The ALJ properly noted that Dr. Soghomonian's opinions uncritically accepted Plaintiff's subjective complaints and allegations of functional limitations at face value. (AR at 17.) This is a specific and legitimate reason to reject Dr. Soghomonian's opinions. Fleming v. Astrue, 303 Fed. Appx. 546 (9th Cir. 2008) (finding a specific and legitimate reasons to reject medical opinion testimony when the opinions largely rely on the claimant's subjective complaints); Thacker v. Comm. of Soc. Sec., 2012 WL 1978701 (E.D. Cal. 2012) ("That Dr. Borgquist's medical opinions were formed based on Plaintiff's subjective complaints, rather than objective medical evidence, is a specific and legitimate reason for rejecting his findings."); Tommasetti v. Astrue, 533 F.3d 1035, 1041 (9th Cir. 2008) ("An ALJ may reject a treating physician's opinion if it is based 'to a large extent' on a claimant's self-reports that have been properly discounted as incredible.") "This is especially true considering the credibility of Plaintiff's complaints were properly called into question." Thacker v. Comm. of Soc. Sec., 2012 WL 1978701 (E.D. Cal. 2012).

The ALJ observed that "there is nothing in the record to reveal a reason for the claimant's need for a wheelchair." (AR at 17.) The ALJ correctly noted the weight of evidence showed no diagnostic evidence of any muscle dystrophy basis for Plaintiff's complaints of weakness. (AR at 16, 17, 248.) Diagnostic imaging tests, MRI's and x-ray scans showed only "mild" or essentially normal findings" failing to account for Plaintiff being "bound to a wheelchair" due to lower extremity weakness. (AR at 16, 17, 394, 397.) Clinical examination findings showed no neurological basis for Plaintiff's complaints, and revealed normal muscle strength. (AR at 17, 248.)

Based on these objective findings, the ALJ reasonably inferred that Dr. Sogomonian's opinions with respect to Plaintiff's limitations were based on Plaintiff's subjective complaints.

See Macri v. Chater, 93 F.2d 540, 544 (9th Cir. 1996) (ALJ is permitted to make inferences "logically flowing from the evidence."). This is a specific and legitimate reasons for rejecting his medical opinion testimony.

3. Plaintiff's Treating Psychiatrist, Dr. Josefina Collado

Plaintiff's treating psychiatrist, Dr. Josefina Collada, provided medical opinion testimony in support of Plaintiff claim of disability. Dr. Collada opined that Plaintiff's schizoaffective disorder, along with impairments in orientation, memory, concentration and judgment prevented plaintiff from working. (AR at 440.) At least three physicians contradicted Dr. Collado's findings, see AR at 230-290, thus, the ALJ was required to provide specific and legitimate reasons to reject Dr. Collado's opinions. Andrews v. Shalala, 53 F.3d 1035, 1043 (9th Cir. 1995).

i. Plaintiff Exaggerated His Symptoms and Failed to Comply With Medical Treatment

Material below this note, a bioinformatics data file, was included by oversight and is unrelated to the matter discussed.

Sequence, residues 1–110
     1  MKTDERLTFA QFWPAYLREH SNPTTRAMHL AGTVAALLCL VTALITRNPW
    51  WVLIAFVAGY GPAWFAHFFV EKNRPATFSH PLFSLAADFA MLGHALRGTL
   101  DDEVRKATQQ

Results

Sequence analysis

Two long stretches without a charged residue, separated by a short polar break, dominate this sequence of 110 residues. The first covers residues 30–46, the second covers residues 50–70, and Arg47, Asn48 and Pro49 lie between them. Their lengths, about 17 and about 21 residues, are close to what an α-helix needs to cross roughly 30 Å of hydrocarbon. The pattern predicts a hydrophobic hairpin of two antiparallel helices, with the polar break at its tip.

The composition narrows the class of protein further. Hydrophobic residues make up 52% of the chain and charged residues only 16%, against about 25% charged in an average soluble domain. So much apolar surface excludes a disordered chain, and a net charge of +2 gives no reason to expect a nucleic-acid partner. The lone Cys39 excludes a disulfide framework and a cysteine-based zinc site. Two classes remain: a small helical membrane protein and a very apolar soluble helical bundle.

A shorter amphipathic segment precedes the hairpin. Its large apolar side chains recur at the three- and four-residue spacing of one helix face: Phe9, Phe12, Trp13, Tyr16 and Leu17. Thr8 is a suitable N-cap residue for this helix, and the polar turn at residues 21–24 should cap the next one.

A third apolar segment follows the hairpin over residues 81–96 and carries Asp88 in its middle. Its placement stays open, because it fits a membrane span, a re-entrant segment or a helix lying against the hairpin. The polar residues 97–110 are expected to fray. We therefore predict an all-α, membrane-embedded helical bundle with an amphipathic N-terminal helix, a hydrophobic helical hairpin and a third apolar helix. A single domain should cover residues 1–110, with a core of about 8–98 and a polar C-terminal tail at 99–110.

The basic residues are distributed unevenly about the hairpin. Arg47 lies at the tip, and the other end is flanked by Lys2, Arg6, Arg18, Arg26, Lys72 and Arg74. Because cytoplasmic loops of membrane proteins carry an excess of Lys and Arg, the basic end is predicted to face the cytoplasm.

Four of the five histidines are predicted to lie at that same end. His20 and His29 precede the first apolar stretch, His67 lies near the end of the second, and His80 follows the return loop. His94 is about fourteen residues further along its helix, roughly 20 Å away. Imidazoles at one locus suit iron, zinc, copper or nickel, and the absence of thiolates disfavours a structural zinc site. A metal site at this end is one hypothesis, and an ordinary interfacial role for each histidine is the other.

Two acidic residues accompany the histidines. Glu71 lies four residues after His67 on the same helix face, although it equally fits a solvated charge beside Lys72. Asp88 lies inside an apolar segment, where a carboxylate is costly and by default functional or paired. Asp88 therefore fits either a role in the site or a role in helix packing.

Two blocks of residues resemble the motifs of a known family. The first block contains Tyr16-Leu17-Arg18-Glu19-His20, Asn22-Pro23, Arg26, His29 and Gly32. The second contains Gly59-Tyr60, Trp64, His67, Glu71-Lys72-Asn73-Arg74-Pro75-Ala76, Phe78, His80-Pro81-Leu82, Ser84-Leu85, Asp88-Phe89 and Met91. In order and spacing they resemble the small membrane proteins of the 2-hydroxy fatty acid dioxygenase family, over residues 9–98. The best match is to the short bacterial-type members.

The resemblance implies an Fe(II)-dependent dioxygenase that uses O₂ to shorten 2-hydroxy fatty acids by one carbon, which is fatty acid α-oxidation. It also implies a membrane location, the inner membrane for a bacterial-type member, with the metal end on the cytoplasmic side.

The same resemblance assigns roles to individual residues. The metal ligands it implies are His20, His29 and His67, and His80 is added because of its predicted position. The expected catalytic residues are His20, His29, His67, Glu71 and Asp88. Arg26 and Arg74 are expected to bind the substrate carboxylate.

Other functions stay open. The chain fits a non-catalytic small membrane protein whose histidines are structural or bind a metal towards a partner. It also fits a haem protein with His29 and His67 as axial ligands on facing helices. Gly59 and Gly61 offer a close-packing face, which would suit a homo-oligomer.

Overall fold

A claimant's exaggeration of his symptoms is a specific and legitimate reasons for rejecting treating physician testimony. Thomas v. Barnhart, 278 F.3d 947, 958--959 (9th Cir. 2002) (ALJ may rely on doctor's observation of a claimant's exaggeration of her complaints); Morillas v. Astue, 2008 WL 4298222 (N.D. Cal. 2008) (Finding specific and legitimate reasons for rejecting the opinions of the treating physicians "evidence of exaggeration.")

The medical record as a whole indicates Plaintiff's desire for mental health treatment was secondary to his goal of obtaining disability benefits. As a means of effectuating this goal, the ALJ reasonably opined Plaintiff was exaggerating his symptoms. (AR at 20.) In each of Dr. Collado's examinations of Plaintiff, Dr. Collado's notes reflect this circumstance. See, e.g., AR at 297 (Plaintiff's "SSI is pending"); AR at 295 (Plaintiff "wanted to have a doctor affirm the fact that he was medically unable to work"); AR at 292 ("SSI is still pending"). Other records confirm this pattern. Records from the Community Medical Center show Plaintiff requested methadone, vicodin and "advice on how to apply for disability." (AR at 171.) As Dr. I. Ocrant observed, Plaintiff's "mental records sufficiently establish [Plaintiff was] seeking coaching for disability claim." (AR at 251.) Other physicians questioned the credibility of Plaintiff's subjective symptoms as well. (AR at 247-48, 273.)

The ALJ also noted Plaintiff's noncompliance with his medical treatment regimens. The ALJ may properly reject medical opinion testimony which upon discredited subjective complaints. See 20 C.F.R. §§ 404.1530(b) ("If you do not follow the prescribed treatment without a good reason, we will not find you disabled"); Owen v. Astrue, 551 F.3d 792 (8th Cir. 2008) (concluding that ALJ properly considered claimant's "noncompliance for purposes of determining the weight to give [doctor's] medical opinions"); Orn v. Astrue, 495 F.3d 625, 638 (9th Cir. 2007) (stating that, "if a claimant complains about disabling pain but fails to seek treatment, or fails to follow prescribed treatment, for the pain, an ALJ may use such failure as a basis for finding the complaint unjustified or exaggerated"); Warre v. Comm'r of Soc. Sec. Admin., 439 F.3d 1001, 1006 (9th Cir. 2006); ("Impairments that can be controlled effectively with medication are not disabling for the purpose of determining eligibility for SSI benefits.")

Specifically, the ALJ stated that:

The claimant noted that he previously benefitted from psychiatric medications but stopped them as of four years previously when they interfered with his ability to work. Thus up until April 30, 2008, the claimant was not on any type of psychiatric mediation due to his personal choice. (AR at 20.) However, Plaintiff testified at the administrative hearing that he did not have any problems with his medicine. (AR at 34-35.) Plaintiff's failure to comply with medical treatment regimens is a specific and legitimate reason for Plaintiff's negative credibility finding.*fn3